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The Kurdish documentary “Bakur” was banned from this year’s Istanbul International Film Festival, leading to many filmmakers pulling their own films out of the festival and boycotting the event. Lynn Klein discusses the controversy. 

The film festival in Istanbul is a major event every year. One of the biggest festivals in the region, it connects East and West, and showcases numerous Turkish films to an international audience. During two weeks, the city of Istanbul turns into a haven for film fans. 

This year, however, the festival did not go as planned. One of the Turkish films set to compete in the documentary section was Bakur (North), a Kurdish film about camps of the outlawed PKK in Turkey. A day before its release, the Turkish ministry of culture requested the film have a registration certificate to be allowed to be screened. None of the Turkish films had this document, but only Bakur was asked to present it. As a consequence, the film was pulled out of the competition.

bakur

The festival’s decision not to screen the film was understandable; they rely on the government’s good will, and wanted the festival to run as smoothly as possible. This blatant case of censorship did, however, prompt other filmmakers and jury members to withdraw from the festival. The day after Bakur was pulled, 23 Turkish filmmakers had withdrawn their films from the festival.

More than 100 filmmakers published an open letter, condemning the move by the ministry of culture:

We, the undersigned film-makers, oppose the imposition [of this regulation] as a tool of censorship. The festival programme was announced weeks ago, and other local films that did not have the registration certificate were screened without problems.”

As filmmakers withdrew, the juries of the competitions took the same decision. Rolf de Heer, head of the international jury, and presenting a film himself, said that the festival had given them the choice to withdraw:

When it happened everyone got very excited. I thought  that was the worst time to make a decision. We sat down and talked about the issues each one of us had and we came to a agreed collective decision that this was what we needed to do,” he said.

Ertuğrul Mavioğlu, co-director of the film, said that he wanted to make this film to show a side of the PKK people were not aware of as they were only ever depicted as evil. “Sometimes you need these kinds of events to raise awareness,” he said. 

Look now, there is no news at all, people do not know what is happening in Turkey. You don’t know anything. Why? Because the media don’t write. Journalists cannot work in Turkey. If censorship continues, self-censorship will begin. People will start to make only films that would not get censored. Then you won’t see the realities you should see through cinema.”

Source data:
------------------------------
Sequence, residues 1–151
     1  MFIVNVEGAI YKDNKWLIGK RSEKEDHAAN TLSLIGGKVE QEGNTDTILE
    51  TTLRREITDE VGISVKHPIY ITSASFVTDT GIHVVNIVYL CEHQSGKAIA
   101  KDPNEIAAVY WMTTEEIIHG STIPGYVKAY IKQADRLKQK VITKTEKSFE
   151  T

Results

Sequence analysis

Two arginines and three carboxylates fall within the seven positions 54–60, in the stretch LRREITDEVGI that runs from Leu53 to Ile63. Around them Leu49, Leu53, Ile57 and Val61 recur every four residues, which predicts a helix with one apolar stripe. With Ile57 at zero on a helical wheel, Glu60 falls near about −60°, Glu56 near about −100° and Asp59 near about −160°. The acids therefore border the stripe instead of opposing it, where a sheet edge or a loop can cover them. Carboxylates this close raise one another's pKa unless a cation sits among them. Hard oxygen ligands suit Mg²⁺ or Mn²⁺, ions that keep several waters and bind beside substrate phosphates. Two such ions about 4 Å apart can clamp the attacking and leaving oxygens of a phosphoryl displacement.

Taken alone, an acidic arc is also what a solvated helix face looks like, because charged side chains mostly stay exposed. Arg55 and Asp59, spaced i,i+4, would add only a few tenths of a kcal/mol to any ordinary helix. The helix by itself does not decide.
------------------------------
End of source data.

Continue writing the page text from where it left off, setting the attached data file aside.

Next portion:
Documentary filmmaking does play a vital role in our society to show realities we would otherwise not be able to see. Some documentaries actually have a significant impact on corporations or governments. Is it right then, to withdraw films from a festival in solidarity? Is it not the audience that gets punished rather than those who exercise censorship?

Alin Taşçıyan, president of the FIPRESCI federation of film critics certainly thinks so:

I think we are over-doing everything, as usual. I’m afraid we have to learn to look deeper into things, think better about them and react in a more efficient way. These kinds of small reactions which end up punishing the audience are totally useless.”

Though she hasn’t seen the film in question, Ms Taşçıyan is confident that it will have more of an impact than the filmmakers’ boycott. “Who wouldn’t be curious to see these PKK camps, the guerrilla and everything? In terms of history it’s an important documentary,” she said. 

Film critics and journalists are put in a difficult spot in situations such as these. A couple of days after the initial reaction, some Turkish films were screened for press after all, but who will the critic write a review for, if there is no audience who can access the film? Boycotting the event altogether is even less of an option, as it is our duty to report what is happening. 

The festival itself seems to have reacted in the only way it could have, giving all the filmmakers and jury members the opportunity to take their own decision. In a case such as this, no decision is illegitimate. I hope that there will be a lesson learned from this year’s festival. Hisham Zaman, a Norwegian-Kurdish filmmaker, was certain that the 34th Istanbul International Film Festival would not be forgotten. Let’s hope it will also bring about change.

Mr Mavioğlu at least is hopeful that his film will be seen:

You cannot kill this film. Now this film is already made and is everywhere. Nobody can censor a finished film.”

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Posted on May 4, 2015

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